Assédios sexuais e estupros na Academia - no Brasil não tem disso não! Será???

quinta-feira, maio 04, 2017

Survey of Academic Field Experiences (SAFE): Trainees Report Harassment and Assault

Kathryn B. H. Clancy , Robin G. Nelson, Julienne N. Rutherford, Katie Hinde

Source/Fonte: Equality Archive


Little is known about the climate of the scientific fieldwork setting as it relates to gendered experiences, sexual harassment, and sexual assault. We conducted an internet-based survey of field scientists (N = 666) to characterize these experiences. Codes of conduct and sexual harassment policies were not regularly encountered by respondents, while harassment and assault were commonly experienced by respondents during trainee career stages. Women trainees were the primary targets; their perpetrators were predominantly senior to them professionally within the research team. Male trainees were more often targeted by their peers at the research site. Few respondents were aware of mechanisms to report incidents; most who did report were unsatisfied with the outcome. These findings suggest that policies emphasizing safety, inclusivity, and collegiality have the potential to improve field experiences of a diversity of researchers, especially during early career stages. These include better awareness of mechanisms for direct and oblique reporting of harassment and assault and, the implementation of productive response mechanisms when such behaviors are reported. Principal investigators are particularly well positioned to influence workplace culture at their field sites.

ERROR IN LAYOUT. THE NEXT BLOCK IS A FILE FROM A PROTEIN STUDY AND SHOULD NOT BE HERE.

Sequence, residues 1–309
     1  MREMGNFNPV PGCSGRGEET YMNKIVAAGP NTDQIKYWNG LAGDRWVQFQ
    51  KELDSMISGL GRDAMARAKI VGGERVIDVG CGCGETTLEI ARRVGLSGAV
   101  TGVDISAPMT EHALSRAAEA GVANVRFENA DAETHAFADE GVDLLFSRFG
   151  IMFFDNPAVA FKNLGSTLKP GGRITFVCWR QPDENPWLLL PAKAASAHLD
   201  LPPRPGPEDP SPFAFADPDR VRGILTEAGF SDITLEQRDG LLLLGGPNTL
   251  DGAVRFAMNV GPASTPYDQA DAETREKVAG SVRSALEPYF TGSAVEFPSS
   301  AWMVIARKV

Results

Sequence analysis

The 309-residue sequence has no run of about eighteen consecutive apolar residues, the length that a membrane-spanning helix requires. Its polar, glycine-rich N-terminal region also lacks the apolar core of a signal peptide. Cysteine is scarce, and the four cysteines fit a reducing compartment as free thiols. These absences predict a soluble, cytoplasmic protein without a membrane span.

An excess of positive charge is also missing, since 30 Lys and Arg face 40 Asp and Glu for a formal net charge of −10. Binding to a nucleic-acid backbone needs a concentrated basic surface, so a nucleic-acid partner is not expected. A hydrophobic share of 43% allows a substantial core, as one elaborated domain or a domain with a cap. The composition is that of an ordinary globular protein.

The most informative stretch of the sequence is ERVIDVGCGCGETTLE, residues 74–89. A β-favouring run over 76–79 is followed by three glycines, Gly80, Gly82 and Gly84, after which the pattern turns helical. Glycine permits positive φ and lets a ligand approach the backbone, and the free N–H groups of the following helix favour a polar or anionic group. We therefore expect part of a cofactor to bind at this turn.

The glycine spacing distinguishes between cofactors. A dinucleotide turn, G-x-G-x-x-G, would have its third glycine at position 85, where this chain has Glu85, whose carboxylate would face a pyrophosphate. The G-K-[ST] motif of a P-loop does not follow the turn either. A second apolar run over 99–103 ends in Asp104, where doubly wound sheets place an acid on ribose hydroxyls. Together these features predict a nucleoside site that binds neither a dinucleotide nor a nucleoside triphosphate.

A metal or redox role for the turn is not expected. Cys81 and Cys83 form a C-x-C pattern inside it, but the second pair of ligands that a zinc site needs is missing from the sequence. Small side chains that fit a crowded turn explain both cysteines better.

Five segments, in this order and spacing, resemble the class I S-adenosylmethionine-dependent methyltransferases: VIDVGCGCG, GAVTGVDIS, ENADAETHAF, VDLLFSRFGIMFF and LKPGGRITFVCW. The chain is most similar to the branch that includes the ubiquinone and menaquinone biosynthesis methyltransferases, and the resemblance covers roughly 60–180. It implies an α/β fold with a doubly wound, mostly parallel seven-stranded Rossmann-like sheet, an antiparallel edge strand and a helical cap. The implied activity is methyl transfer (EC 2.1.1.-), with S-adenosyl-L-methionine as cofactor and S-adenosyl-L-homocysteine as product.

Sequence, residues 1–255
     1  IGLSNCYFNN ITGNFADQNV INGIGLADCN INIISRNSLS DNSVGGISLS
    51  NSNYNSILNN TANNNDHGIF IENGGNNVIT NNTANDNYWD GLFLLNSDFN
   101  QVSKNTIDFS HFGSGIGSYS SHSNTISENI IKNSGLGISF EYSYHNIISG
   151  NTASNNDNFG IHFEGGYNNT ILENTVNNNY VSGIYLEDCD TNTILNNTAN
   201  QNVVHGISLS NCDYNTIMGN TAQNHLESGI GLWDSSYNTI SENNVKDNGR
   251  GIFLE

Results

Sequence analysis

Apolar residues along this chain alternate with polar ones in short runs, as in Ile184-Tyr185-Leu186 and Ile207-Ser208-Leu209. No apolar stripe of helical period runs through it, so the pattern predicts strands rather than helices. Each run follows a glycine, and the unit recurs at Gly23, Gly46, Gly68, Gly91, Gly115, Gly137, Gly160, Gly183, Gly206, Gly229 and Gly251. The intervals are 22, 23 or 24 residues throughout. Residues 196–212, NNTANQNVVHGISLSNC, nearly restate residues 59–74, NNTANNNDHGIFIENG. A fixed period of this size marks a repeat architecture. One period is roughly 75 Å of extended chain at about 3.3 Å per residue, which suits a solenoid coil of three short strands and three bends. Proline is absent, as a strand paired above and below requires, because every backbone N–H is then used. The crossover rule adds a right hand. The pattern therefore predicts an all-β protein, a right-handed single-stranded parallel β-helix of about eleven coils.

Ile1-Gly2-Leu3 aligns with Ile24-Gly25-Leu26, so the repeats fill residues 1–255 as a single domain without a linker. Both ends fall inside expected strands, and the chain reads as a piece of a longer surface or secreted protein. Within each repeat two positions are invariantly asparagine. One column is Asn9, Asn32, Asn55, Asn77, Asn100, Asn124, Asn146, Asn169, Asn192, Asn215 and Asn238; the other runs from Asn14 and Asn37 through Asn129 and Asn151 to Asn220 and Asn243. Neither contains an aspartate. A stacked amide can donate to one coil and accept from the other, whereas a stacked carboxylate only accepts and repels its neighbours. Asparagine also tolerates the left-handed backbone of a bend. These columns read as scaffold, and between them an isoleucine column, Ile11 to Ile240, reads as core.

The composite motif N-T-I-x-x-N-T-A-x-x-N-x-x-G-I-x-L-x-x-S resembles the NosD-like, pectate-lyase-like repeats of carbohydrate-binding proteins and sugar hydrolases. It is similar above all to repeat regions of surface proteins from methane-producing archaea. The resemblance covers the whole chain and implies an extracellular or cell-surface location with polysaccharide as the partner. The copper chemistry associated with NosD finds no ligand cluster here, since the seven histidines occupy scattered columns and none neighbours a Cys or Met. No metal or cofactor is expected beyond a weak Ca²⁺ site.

Citation: Clancy KBH, Nelson RG, Rutherford JN, Hinde K (2014) Survey of Academic Field Experiences (SAFE): Trainees Report Harassment and Assault. PLoS ONE 9(7): e102172.
Editor: Coren Lee Apicella, University of Pennsylvania, United States of America
Received: April 2, 2014; Accepted: June 14, 2014; Published: July 16, 2014

Copyright: © 2014 Clancy et al. This is an open-access article distributed under the terms of the Creative Commons Attribution License, which permits unrestricted use, distribution, and reproduction in any medium, provided the original author and source are credited.

Data Availability: The authors confirm that, for approved reasons, some access restrictions apply to the data underlying the findings. The data used in this project stem from a survey about people's experiences with sexual harassment and sexual assault. The sensitive nature of these data – and the fact that, because so many field sciences are small, combinations of discipline/country of origin/gender/sexuality/ethnicity can make a person uniquely identifying – mean that the Authors will not be sharing this data publicly. The limited, de-identified data may be available by contacting the corresponding author at

Funding: Financial support was provided by start-up funds from the University of Illinois, Urbana-Champaign Department of Anthropology and Institute for Genomic Biology (KC), Academic Senate funds from the University of California, Riverside, and start-up funds from Skidmore College (RN), K12HD055892 (National Institutes of Health Building Interdisciplinary Research Careers in Women's Health Program (JR)), and start-up funds from Harvard University (KH). The funders had no role in study design, data collection and analysis, decision to publish, or preparation of the manuscript.

Competing interests: The authors have declared that no competing interests exist.